Typography is so important in sharing your brand and content. It can make or break a design. And I’m not saying that to be dramatic, poor typography can ruin a beautiful design. That’s why typography is a basic skill that every designer should master. Luckily there is a ton of information out there to teach you all the typography rules. But I decided to choose the most basic, design-changing, typography tips that are important in maximizing your brand fonts and not overwhelm you with all the technical and intimidating aspects of typography.
Utilizing these 8 tips will help take your brand typography to the next level. Whether it’s choosing font choices in your logo design or blog post graphics, these tips will make a difference.
Pairing fonts is not something that doesn’t happen by chance, it takes a great deal of consideration. Knowing which types of fonts to pair together is one of the first basics of good typography. When choosing what fonts to pair try and find contrasting pairs like Sans Serif + Serif, Script + Modern, Thin + Heavy.
Kerning adjusts the space between individual characters. Adjusting the kerning of your brand fonts can make a huge difference in the overall aesthetics. The key to kerning is knowing WHEN to kern. When you’ve finalized your font choice consider the space between each character. Each typeface will have different kerning and will be affected differently by kerning. Certain letter combos will cause problems that will need to be addressed with kerning, like letters that sit too closely and letters that are spaced more than the rest.
Leading is the spacing between lines of type. Leading really affects the readability of your text. The main factor that affects leading is the type size. Typically a default leading should be 20 percent greater than the font size, so a 10 point font should have a 12 point leading. Although depending on the desired affect you’re trying to achieve this percentage could be greater.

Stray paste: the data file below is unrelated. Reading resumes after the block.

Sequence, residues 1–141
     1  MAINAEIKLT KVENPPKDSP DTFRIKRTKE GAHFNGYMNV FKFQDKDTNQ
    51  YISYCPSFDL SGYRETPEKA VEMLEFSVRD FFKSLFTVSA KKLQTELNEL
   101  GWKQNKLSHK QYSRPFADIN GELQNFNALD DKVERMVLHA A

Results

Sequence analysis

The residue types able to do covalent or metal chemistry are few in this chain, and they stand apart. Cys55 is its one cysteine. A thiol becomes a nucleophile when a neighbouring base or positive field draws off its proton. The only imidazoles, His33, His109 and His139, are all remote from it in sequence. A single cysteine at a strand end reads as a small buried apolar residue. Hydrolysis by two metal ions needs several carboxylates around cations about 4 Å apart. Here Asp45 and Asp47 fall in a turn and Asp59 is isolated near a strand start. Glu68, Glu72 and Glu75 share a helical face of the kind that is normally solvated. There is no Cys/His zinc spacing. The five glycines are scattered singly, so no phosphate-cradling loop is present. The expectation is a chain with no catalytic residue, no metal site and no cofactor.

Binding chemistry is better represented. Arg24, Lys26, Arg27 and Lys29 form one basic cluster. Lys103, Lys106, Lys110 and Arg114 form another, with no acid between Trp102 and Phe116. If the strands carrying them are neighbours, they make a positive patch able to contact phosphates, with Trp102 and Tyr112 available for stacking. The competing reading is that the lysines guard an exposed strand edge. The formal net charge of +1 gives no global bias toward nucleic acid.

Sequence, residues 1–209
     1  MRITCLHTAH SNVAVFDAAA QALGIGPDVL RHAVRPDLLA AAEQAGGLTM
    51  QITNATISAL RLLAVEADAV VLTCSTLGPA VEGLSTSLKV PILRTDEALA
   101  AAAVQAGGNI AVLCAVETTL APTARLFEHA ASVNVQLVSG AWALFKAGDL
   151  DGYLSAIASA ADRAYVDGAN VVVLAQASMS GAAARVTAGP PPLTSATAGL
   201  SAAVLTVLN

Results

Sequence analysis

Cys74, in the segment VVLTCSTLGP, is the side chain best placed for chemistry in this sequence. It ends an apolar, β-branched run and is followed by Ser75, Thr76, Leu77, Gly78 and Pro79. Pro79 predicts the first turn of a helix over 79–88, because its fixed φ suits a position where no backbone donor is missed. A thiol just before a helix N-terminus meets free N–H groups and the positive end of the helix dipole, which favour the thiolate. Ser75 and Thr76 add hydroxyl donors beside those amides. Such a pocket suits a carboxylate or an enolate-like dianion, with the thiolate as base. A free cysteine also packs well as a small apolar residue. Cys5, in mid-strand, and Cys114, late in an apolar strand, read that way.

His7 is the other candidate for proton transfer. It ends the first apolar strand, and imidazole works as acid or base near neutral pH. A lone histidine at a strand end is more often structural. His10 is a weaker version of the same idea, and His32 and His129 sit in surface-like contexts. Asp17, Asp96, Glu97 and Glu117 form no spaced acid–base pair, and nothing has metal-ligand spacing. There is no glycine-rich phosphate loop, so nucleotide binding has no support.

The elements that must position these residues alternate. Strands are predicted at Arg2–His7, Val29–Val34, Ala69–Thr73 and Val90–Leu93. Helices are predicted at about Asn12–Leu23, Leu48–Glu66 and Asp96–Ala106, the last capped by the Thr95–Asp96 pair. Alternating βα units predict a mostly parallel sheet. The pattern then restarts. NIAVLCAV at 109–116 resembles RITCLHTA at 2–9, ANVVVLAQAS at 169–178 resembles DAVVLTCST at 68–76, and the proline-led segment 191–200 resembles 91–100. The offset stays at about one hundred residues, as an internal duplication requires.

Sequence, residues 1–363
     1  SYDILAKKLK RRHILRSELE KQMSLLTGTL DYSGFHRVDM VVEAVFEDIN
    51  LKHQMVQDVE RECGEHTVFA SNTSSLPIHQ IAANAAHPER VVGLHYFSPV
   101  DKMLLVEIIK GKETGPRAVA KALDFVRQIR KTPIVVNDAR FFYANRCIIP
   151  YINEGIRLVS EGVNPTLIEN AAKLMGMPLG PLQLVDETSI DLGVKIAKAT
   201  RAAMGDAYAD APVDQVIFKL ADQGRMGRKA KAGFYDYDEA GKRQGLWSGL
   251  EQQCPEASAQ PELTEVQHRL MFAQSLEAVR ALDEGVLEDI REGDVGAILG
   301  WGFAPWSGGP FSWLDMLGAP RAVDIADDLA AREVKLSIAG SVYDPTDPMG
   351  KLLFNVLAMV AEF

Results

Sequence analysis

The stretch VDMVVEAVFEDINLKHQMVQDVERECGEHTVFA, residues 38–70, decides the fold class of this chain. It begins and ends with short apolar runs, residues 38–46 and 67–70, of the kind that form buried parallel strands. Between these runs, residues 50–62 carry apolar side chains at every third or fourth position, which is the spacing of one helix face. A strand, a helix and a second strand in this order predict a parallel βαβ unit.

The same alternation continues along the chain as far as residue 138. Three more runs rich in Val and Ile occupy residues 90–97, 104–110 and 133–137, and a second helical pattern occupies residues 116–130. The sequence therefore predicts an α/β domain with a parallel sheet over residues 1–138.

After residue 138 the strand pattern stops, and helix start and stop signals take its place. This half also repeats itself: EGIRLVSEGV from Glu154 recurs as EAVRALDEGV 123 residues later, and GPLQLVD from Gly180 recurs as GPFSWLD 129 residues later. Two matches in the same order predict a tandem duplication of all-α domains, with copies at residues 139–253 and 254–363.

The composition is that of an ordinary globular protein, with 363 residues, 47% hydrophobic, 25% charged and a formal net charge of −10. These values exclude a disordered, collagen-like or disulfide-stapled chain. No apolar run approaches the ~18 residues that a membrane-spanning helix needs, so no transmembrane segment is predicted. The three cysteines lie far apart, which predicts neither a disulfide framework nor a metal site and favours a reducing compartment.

Tracking adjusts the space evenly between GROUPS of characters. Tracking is a great tool to use to fill space with your type in an even manner. Tracking can be tricky especially with script fonts because it can make the text less readable and separate the letters too much.
A rule of thumb I follow is not mixing more than two font families in one design. If I do need another variation for some reason I’ll use one of the already chosen fonts but in a different weight (Bold, Italic etc..)
How you choose to align your paragraph text can have a huge role in how easy it is to read. Flush left is by the easy alignment to read because it’s how our eye naturally follow on the page. Ragged right and centered alignment can be used on the right occasion but when all else fails, just flush left!
Making sure that your text is actually readable is so important. I’ve seen too many logos with script fonts that are beautiful but extremely difficult to read. Be careful when choosing script fonts especially if the typeface has a lot of flourishes. Don’t make your audience try and guess what the word says.
Understanding hierarchy in typography will help you share your content in the best way. Visual hierarchy relies on size, weight, color, position and type contrast. If you’re new to understanding hierarchy try choosing the subject matter of your content and enlarge the size of it. Adjusting the size is the easiest way to establish hierarchy so start there and eventually move into trying the other methods!